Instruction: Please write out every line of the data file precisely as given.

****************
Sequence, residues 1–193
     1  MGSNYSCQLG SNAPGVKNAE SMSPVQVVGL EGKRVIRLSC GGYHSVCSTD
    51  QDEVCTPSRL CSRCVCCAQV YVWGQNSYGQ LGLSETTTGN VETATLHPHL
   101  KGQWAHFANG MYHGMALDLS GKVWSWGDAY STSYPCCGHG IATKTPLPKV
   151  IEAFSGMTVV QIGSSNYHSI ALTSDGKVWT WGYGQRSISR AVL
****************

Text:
Sequence, residues 1–193
     1  MGSNYSCQLG SNAPGVKNAE SMSPVQVVGL EGKRVIRLSC GGYHSVCSTD
    51  QDEVCTPSRL CSRCVCCAQV YVWGQNSYGQ LGLSETTTGN VETATLHPHL
   101  KGQWAHFANG MYHGMALDLS GKVWSWGDAY STSYPCCGHG IATKTPLPKV
   151  IEAFSGMTVV QIGSSNYHSI ALTSDGKVWT WGYGQRSISR AVL